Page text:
England’s most expensive sparkling wines
Although still a young industry, English winemakers are making great strides in terms of quality and stylistic, terroir and varietal expression.
Some might say that there is still not enough of a market for English wine to justify £100 bottles of wine just yet or that perhaps it is presumptuous of estates to try and corner the prestige cuvée market but there would be a strong counter argument to the effect that the creation and release of luxury single vineyard and multi-vintage blends with price tags to match is a sign of confidence in both the increasing quality of English vineyards and the wines they produce.
As it happens, when searching for the most expensive English wines it was clear that the great majority of Kent, Sussex or Cornish fizz is nowhere near as pricey as £100 or even £50 or £40 a bottle.
What does very quickly become clear though is that blanc de blancs tends to be the most common style at this upper end of the English wine market.
Chardonnay is of course the grape responsible for some of the great prestige cuvées in Champagne and England’s South Downs shares the same seam of Upper Cretaceous chalk with the Côte de Blancs. Coincidence?
Of course, it’s always possible that in the variable English climate it’s simply the grape that continues to deliver the most consistent results.
There is no doubt, however, that as English wine gains in stature and quality we will see more of these top wines in future and there are always further developments in English wine.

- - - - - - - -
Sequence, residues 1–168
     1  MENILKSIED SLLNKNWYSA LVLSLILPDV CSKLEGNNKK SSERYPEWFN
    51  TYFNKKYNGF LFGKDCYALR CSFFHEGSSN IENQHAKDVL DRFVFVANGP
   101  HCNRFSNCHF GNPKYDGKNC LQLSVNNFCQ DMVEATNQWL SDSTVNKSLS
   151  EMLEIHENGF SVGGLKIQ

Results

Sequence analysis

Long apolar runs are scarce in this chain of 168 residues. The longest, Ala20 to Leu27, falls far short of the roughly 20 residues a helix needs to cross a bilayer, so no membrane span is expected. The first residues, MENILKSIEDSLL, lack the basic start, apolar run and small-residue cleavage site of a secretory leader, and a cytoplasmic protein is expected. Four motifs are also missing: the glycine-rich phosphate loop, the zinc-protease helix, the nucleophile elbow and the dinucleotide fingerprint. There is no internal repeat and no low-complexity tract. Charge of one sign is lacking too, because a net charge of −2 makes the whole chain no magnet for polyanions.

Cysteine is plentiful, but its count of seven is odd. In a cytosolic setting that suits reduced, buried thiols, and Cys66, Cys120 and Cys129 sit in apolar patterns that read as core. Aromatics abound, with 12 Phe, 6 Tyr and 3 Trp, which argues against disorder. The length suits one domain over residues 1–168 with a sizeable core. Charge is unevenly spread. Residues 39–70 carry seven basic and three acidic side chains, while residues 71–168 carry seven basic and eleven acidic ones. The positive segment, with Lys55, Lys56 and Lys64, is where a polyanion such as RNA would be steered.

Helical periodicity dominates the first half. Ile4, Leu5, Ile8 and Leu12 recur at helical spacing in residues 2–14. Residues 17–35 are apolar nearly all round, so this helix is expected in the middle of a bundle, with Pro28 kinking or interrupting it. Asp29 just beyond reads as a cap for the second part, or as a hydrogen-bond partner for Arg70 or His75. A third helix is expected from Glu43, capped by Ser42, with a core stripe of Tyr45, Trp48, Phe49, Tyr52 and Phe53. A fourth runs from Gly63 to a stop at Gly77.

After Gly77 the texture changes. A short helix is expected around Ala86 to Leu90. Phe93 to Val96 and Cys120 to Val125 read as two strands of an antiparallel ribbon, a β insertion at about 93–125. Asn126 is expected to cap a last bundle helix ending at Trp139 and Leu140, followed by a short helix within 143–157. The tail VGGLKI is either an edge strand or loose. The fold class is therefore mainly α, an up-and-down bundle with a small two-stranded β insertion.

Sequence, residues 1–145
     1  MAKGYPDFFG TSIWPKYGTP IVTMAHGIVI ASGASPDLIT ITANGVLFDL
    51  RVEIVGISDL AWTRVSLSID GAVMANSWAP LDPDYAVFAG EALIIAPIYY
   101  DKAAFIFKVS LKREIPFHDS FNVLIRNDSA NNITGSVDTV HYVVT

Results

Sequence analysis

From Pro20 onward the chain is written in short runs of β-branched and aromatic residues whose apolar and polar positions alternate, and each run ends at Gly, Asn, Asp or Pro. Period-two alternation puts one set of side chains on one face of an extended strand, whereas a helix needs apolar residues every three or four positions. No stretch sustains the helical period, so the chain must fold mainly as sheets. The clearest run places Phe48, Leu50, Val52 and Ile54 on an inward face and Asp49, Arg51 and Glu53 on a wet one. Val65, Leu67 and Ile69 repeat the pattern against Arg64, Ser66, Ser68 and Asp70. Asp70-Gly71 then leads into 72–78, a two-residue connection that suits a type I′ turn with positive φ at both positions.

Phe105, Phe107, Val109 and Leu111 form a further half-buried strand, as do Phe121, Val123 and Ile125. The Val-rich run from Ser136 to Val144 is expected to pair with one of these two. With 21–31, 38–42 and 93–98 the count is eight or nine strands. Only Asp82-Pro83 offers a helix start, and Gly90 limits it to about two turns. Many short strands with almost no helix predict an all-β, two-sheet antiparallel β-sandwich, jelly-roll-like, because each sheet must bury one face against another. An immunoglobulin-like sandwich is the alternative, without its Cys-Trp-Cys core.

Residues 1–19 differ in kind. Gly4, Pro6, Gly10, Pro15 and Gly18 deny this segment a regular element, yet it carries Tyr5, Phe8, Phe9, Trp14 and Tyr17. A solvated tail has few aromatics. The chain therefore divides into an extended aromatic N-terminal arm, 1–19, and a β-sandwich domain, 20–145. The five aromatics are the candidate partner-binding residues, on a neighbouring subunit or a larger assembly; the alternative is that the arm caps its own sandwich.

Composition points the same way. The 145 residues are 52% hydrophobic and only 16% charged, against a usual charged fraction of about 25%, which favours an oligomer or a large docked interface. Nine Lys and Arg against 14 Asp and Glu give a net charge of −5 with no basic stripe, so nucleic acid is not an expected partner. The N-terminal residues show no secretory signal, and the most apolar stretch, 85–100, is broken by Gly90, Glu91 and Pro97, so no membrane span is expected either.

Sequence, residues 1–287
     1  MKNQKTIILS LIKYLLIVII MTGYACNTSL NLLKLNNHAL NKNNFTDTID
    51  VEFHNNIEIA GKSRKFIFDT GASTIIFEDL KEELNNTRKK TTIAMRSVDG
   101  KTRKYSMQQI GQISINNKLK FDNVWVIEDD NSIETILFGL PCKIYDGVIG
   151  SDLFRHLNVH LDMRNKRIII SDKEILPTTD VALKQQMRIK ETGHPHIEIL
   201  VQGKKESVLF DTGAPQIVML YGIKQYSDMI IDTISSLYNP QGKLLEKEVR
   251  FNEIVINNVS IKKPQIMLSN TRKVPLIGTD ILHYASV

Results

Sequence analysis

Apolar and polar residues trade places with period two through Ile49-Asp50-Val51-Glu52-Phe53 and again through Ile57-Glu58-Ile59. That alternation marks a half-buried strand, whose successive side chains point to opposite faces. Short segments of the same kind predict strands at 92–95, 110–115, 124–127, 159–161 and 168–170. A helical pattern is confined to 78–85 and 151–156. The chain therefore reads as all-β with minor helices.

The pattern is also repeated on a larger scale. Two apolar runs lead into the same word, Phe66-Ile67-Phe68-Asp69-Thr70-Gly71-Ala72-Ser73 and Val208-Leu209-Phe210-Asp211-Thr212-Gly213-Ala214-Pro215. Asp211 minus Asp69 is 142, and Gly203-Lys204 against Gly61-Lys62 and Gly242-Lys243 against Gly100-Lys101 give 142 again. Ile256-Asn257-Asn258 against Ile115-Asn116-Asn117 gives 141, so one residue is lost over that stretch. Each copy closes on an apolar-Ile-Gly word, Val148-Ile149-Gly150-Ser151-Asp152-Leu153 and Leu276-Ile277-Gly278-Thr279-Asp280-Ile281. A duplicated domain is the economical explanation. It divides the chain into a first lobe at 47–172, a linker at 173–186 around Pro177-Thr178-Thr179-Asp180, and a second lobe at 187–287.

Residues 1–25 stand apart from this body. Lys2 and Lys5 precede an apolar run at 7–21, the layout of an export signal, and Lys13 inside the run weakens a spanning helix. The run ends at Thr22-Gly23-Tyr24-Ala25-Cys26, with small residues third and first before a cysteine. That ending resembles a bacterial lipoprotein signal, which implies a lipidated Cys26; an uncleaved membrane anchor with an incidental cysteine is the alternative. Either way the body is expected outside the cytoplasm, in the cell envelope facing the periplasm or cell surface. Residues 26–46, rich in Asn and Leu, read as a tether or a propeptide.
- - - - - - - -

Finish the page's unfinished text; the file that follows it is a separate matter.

The long-awaited Rathfinny estate will be launching its first wines soon and Boutinot-owned Henners in East Sussex has plans to roll out a multi-vintage blend later this year.
Champagne Pommery is likewise releasing its first English sparkling wine, Louis Pommery, in partnership with Hattingley Valley and, while still some way off, Taittinger’s Domaine Evremond is steadily being built up with the first wines expected in around 2022.
Small steps from the Champenois to begin with but how long before they decide to challenge the domestic growers for the title of England’s most expensive wine?
9. Balfour ‘Cuvée Skye’ Blanc de Blancs 2010 and Sugrue Pierre ‘The Trouble with Dreams’ – both £39
Counties: Kent and Sussex
A one-off produced in a standout year, this blanc de blancs was made from a small parcel of Chardonnay in Oast House Meadow on the Hush Heath Estate.
Just 1,200 bottles (100 cases) were made in total and the wine has sold out at the estate although it’s possible a few bottles may be kicking around somewhere.
Hush Heath also produces one of Britain’s leading rosés, a classic Pinot Noir, Meunier and Chardonnay blend.
The current 2013 vintage costs £35.99 a bottle, which actually very nearly put it into our top 10.
‘The Trouble with Dreams’ meanwhile is a private label project by one a winemaker quickly becoming a noted name in English winemaking.
Irishman Dermot Sugrue joined Nyetimber in 2003 and then left to help with a new estate, Wiston, in 2007.
As well as being head winemaker for the West Sussex estate, as a contract winery he is responsible for around 15 other brands including Jenkyn Place.
First produced in 2009 and since then only in 2011 and 2013 (so far), Sugrue’s own small project has a typical production run of 6,000 or so bottles.
Varying from vintage to vintage the wines are usually 60% Chardonnay and 40% Pinot Noir and partially fermented in stainless steel and ex-Burgundy barrels.
8. Wiston Blanc de Blancs 2010 – £39.95
County: West Sussex
Narrowly pipping Balfour and Sugrue Pierre to the next spot is another blanc de blancs from the famed 2010 vintage.
This wine from Wiston Estate was its first vintage blanc de blancs, it already has a non-vintage example in its range.